Teachers Network
Translate Translate English to Chinese Translate English to French
  Translate English to German Translate English to Italian Translate English to Japan
  Translate English to Korean Russian Translate English to Spanish
Lesson Plan Search
Proud New Owners of teachnet.org... We're Very Flattered... But Please Stop Copying this Site. Thank You.
Our Lesson Plans
TeachNet Curriculum Units
Classroom Specials
Popular Teacher Designed Activities
TeachNet NYC Dirctory of Lesson Plans

Teachers Network Leadership Institute
How-To Articles
Videos About Teaching
Effective Teachers Website
Lesson Plans
TeachNet Curriculum Units
Classroom Specials
Teacher Research
For NYC Teachers
For New Teachers

TeachNet Grant:
Lesson Plans
TeachNet Grant Winners
TeachNet Grant Winners
Adaptor Grant Winners
TeachNet Grant Winners
Adaptor Grant Winners
TeachNet Grant Winners
Adaptor Grant Winners
Other Grant Winners
Math and Science Learning
Impact II
Grant Resources
Grant How-To's
Free Resources for Teachers
Our Mission
   Press Releases
   Silver Reel
   2002 Educational Publishers Award


New Teachers New York:
Lesson Plans by New Teachers, For New Teachers
The Making of an Abolitionist

Standards:  #1 US/NYS History; E2b; E4a.

Objective: Students will identify events in the early life of Frederick Douglass that may have led to his becoming a leading Abolitionist.

Materials: Miller, William. Frederick Douglass: The Last Day of Slavery. Lee & Low Books, Inc. New York: 1995.

Created by:
Matthew Robinson 

Location: M.S. 226, District 27, Queens
Grade: 7th Grade 
Subject: Social Studies
Length of time: 2 class periods.

If you have any questions regarding this activity, please contact Matthew.


Pre-Reading Activity: Discuss slavery and the abolitionists. Discuss accomplishments of the adult Douglass. Ask students to look at the book cover and describe what they see. Ask students what they think may be the significance of the title. Ask students what they believe this book will tell them. 

Reading Activity: Read story through once without stopping, making sure to display each illustration to the entire class. After completing it, ask the children if they have any questions. After answering questions and allowing time for any spontaneous discussion, reread it, pausing throughout to ask specific questions related to the plot. Again, remember to display the illustrations to the children. Some suggested questions to ask the class follow:

  • Ask the students to make a prediction about Douglass's mother. 
  • Ask why might the men and women have walked with their heads down? 
  • Detecting inconsistencies in text: Why would the overseer beat the slaves? Does his beatings have the desired effect?
  • Why would Douglass dream about going to New York?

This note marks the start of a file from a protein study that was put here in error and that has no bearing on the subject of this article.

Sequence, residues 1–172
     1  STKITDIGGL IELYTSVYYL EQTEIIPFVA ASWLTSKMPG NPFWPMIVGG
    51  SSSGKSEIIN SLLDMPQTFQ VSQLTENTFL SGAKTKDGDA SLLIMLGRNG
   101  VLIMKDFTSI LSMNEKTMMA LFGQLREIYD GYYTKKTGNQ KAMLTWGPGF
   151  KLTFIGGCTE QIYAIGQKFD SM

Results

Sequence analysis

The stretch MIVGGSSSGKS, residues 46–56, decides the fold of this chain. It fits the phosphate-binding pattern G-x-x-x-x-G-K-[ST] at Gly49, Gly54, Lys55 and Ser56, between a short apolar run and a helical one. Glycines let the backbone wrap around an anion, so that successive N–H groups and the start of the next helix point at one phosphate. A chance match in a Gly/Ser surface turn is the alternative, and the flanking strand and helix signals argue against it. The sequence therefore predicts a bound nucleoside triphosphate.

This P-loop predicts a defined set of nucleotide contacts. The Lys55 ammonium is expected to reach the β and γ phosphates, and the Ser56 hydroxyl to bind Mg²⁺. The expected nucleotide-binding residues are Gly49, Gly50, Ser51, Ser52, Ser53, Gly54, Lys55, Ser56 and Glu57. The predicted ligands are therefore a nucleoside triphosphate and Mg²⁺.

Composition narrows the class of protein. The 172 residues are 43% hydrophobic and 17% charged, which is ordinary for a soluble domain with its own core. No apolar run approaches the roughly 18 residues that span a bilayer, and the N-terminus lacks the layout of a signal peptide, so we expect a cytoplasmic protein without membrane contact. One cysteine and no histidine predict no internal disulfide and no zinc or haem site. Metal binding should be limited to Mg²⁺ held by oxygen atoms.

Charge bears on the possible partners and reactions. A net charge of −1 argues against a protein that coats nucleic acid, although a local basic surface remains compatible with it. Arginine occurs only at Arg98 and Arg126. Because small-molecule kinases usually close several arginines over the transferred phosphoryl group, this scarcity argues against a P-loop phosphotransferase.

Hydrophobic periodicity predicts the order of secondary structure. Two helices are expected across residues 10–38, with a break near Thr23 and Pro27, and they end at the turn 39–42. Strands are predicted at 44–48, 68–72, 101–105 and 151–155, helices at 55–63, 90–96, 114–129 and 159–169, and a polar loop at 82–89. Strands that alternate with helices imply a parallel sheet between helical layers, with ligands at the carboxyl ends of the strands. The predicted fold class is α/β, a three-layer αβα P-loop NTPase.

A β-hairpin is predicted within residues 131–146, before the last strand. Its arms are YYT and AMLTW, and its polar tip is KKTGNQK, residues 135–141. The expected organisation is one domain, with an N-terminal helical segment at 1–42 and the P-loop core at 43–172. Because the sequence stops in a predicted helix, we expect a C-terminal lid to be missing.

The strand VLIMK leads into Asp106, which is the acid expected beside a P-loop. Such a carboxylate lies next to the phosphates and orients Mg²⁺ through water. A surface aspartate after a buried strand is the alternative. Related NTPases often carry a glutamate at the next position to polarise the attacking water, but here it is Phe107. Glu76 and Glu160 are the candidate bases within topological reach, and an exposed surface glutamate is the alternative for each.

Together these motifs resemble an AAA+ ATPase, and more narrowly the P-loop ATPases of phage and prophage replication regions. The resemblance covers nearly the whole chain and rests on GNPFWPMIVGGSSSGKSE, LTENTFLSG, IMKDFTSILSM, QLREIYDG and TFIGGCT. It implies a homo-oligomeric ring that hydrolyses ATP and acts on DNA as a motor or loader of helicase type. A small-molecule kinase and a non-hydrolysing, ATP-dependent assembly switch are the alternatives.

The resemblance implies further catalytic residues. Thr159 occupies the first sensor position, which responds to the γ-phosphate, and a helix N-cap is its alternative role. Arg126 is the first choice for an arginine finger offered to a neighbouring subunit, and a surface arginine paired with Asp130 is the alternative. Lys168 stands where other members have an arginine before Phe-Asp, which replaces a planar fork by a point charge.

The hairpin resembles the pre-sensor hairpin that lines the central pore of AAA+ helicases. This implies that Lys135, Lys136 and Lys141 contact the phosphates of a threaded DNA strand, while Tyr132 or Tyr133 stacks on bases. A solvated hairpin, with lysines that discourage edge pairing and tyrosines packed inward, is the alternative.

• What is a slave breaker? Why was Douglass singled-out by this man? 
  • What kind of animals did Douglass dream he could become? Why would he have such dreams?
  • Why did Douglass have no faith in Sandy's root? What did Douglass believe? 
  • Discuss the meaning of the last line of the book. 

The edition of the book that I use has no page numbers; however, if you choose to use some of the above questions, where in the reading to ask them is obvious from the text. Again, answer any questions that the children may have, and allow for any discussion.

Follow-up: Arrange students into cooperative learning groups. Each group will then make a flow chart that covers the major plot points of the story. Have the class discuss their group flow charts, and together create a class flow chart on the blackboard. For homework, have the students choose two incidents from the story that they feel to be the most influential on the life of young Douglass and write a short essay detailing these events as well as create an illustration that depicts one of their two chosen incidents. 

Evaluation: The students' understanding and internalization of the story can be evaluated by three methods: by noting their answers during the reading of the story; by the thoroughness of their cooperative group flow chart; and, their ability to write an essay and create an illustration utilizing the class flow chart. 

Essay Rubric: 
1 - Good essay format (introduction, body, conclusion); no grammar/spelling mistakes; has a 
strong thesis.
2 - Essay format incomplete; some grammar/spelling mistakes; weak thesis. 
3 - Not written in essay form; many grammar/spelling mistakes; no thesis.

Teacher Anecdotal: 
The idea for using picture books came from a fellow teacher in a beginning reading class that I attended last year. So, at the end of last semester, I worked up this lesson plan. This year I used it this year with my 7th graders, and it went better than I had hoped. During my first class, the moment I told them that I was going to read them a story, they all got up, pushed their desks to the side of the room and sat on the floor (I forget sometimes that they are only 12 years-old). I left the desks to the side for all four classes until the end of the second reading and discussion. The kids loved it. I believe this was far and away their favorite lesson so far this year. And, they now know who Frederic Douglass and the abolitionists were.


Come across an outdated link?
Please visit The Wayback Machine to find what you are looking for.


Journey Back to the Great Before